“Farm to table” has become the new attraction in restaurant fare. Eating local and supporting local with the chefs knowing the farmers, produce and livestock has become a huge selling point at hip urban dining spots around the nation. But it turns out that many of these “farm to table” claims are downright misleading and often times intentionally false.
It’s pretty obvious at this point that consumers are interested in what “farm to table” restaurants have to offer. And every restaurant differs slightly in their interpretation and sales pitch at the table. But most suggest that they source their food from local farms within a couple hundred mile radius. Many name specific farms and farmers. It certainly makes a patron feel good to know that they are supporting their local economy in a few different ways during their meal and makes the more expensive plates feel worthwhile. But, as a Tampa Bay Times food critic found out, the lies are served up in droves at many of these dining spots.
Farm to table restaurants may be selling you a load of pre-packaged baloney
That steak from down the street likely came from across the country instead of a cattle rancher the next town over. And that freshly caught fish came frozen from South America — last month. All of the cliche words like “organic” or “non-GMO” we’ve come to expect from restaurants vying for our dollars are often used without any truth to those claims.
Laura Reiley, a writer for the Tampa Bay Times, decided to follow the claims back to the source: The farmers and distributors. What she found wasn’t just the occasional inaccuracy but a trove of lies. Even though a farmer’s name was written on a blackboard next to the dish, many of these farmers said they have never sold product to the restaurants. And the excuses mounted from there.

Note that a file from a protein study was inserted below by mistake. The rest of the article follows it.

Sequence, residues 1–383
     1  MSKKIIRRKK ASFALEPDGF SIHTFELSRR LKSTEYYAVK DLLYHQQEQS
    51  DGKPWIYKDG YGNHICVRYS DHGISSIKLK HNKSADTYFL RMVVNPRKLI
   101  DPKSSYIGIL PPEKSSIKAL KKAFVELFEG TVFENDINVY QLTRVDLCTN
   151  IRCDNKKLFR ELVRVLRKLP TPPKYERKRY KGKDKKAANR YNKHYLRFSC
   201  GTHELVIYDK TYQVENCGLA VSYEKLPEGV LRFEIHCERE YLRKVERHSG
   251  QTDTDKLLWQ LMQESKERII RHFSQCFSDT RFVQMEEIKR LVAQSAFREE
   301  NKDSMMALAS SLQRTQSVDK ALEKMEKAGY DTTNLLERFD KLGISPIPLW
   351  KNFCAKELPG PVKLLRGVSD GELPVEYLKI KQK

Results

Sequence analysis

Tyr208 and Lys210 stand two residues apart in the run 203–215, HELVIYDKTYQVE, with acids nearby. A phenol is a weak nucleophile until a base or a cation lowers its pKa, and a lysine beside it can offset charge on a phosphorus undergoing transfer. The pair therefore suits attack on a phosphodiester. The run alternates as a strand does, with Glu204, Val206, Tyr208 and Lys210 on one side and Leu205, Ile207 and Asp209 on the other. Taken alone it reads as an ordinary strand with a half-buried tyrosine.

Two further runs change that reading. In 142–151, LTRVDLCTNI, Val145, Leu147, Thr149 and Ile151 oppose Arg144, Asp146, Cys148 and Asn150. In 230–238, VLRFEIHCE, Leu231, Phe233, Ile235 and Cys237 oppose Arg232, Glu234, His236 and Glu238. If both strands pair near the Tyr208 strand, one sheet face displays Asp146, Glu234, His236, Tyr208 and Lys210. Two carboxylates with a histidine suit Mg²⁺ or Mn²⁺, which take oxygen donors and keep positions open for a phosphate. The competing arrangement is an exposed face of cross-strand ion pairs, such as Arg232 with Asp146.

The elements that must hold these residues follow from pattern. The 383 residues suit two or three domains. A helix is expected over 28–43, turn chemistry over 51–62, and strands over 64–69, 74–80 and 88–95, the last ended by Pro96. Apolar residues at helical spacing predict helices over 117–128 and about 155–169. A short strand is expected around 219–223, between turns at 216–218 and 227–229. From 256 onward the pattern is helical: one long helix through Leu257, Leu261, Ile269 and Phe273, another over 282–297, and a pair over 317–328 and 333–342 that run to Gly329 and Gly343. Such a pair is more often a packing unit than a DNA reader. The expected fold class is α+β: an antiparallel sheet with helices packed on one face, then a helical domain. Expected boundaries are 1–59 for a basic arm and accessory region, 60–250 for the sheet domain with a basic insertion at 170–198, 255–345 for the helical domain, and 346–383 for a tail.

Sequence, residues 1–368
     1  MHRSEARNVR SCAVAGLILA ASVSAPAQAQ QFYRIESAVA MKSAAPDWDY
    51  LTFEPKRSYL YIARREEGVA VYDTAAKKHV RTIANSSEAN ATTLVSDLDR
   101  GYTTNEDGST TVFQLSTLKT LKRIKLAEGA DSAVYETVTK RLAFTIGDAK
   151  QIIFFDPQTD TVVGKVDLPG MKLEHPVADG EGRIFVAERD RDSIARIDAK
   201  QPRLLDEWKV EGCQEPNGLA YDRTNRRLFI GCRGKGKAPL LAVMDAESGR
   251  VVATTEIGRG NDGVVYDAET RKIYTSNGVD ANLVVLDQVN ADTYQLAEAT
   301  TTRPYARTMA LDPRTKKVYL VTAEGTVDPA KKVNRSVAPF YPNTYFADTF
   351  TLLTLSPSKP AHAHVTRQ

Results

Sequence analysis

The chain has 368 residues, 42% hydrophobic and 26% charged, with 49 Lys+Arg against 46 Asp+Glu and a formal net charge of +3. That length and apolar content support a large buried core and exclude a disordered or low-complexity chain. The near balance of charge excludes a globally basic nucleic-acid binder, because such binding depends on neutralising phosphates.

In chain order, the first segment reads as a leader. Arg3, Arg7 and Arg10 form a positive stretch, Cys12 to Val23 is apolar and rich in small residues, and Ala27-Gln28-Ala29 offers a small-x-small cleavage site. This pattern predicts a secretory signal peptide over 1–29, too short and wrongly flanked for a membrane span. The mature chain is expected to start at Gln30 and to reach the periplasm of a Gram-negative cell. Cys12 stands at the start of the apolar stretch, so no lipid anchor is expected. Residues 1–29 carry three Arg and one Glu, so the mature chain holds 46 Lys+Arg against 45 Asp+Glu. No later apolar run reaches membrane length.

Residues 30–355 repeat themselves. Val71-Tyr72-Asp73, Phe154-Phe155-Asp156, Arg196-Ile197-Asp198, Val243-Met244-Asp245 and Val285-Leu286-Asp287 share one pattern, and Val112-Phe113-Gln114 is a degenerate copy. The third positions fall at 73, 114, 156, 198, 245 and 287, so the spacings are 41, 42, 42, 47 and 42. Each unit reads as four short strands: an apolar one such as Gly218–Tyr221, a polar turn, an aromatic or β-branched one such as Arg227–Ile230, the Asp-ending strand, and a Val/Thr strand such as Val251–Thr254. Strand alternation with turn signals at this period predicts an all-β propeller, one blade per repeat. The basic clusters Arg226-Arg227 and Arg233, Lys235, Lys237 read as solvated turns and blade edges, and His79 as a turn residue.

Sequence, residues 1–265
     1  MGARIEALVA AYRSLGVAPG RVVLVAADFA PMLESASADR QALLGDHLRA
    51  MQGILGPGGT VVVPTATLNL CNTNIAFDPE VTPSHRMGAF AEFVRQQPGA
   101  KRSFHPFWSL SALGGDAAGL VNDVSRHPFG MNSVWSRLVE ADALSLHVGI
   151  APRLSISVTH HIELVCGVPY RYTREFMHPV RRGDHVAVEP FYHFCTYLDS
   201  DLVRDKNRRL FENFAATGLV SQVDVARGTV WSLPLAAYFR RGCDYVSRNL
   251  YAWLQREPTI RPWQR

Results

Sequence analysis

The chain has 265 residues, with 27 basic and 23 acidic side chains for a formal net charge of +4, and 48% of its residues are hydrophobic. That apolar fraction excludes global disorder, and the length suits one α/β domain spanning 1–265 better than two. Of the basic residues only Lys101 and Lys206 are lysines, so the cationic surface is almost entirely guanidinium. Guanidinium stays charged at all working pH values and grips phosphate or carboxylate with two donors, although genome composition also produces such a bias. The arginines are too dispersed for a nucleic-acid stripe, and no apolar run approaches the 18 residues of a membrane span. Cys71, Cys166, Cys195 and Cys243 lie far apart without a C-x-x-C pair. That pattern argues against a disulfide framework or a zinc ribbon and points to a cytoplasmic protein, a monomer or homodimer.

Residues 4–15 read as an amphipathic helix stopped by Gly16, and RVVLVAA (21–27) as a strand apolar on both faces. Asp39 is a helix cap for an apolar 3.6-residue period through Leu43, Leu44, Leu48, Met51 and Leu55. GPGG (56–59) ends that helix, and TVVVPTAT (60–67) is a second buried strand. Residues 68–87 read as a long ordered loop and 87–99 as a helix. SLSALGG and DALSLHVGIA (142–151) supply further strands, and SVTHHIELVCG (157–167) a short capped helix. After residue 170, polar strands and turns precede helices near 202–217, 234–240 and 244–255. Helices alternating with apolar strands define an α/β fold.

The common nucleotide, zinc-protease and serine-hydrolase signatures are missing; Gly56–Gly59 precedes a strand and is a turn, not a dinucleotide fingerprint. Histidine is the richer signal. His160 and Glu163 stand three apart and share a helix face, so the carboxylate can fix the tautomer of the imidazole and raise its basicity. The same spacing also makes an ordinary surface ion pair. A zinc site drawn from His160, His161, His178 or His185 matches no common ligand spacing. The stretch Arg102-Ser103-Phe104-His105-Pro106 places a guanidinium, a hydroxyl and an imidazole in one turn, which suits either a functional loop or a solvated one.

‘Do you make these cheese curds here?’ the writer asked of one Tampa Bay restaurant worker. ‘Yes,’ said the bartender, ‘everything is made in house from scratch.’ It turns out that those cheese curds came shipped in a box. The fish and chips there aren’t fresh either, as claimed. They come frozen from China. And the list goes on.
Laura Reiley continues on to explain in her piece that no government or private entity is keeping watch over the way restaurants label their food. There are food inspectors in most states, but often they aren’t looking for blatant food advertising lies on a restaurant’s menu. And even if the perpetrators of those lies are caught, the fines are minimal.
This isn’t a problem solely in Tampa Bay either. There was a piece in San Diego Magazine as well documenting fraud in the “farm to table” movement. And just because there hasn’t been an investigative piece done on your town or city doesn’t mean it isn’t happening. It likely is and no-one is keeping tabs. Be careful when spending big money at a “farm to table” restaurant. If you are concerned, do your own investigative work and look into the claims that are being made.
You also need to be aware in the grocery store and fish market. We told you back in 2011 that 22% of fish being sold is mislabeled. Much of this is outright deception to fetch a higher price for what should be a cheap piece of fish. The author of the Tampa Bay Times article found this to be true in her restaurant tests as well. Her grouper sushi turned out to actually be tilapia.
Paying $28 for a fried chicken entree becomes WAY worse if that chicken came frozen in a bag from far away. These restaurants are trying to tell a story with their menu, but it turns out that many of these stories are actually tall tales of fiction. And these lies aren’t innocent. They hurt the farmers and patrons as well the restaurants that are actually doing the “farm to table” term real justice.
You can read the full longform article from the Tampa Bay Times here. The number of fraudulent instances that the author found are astounding. Many Tampa Bay restaurants changed their menus as a result of the story to better reflect what they are actually serving. You as the buyer need to beware!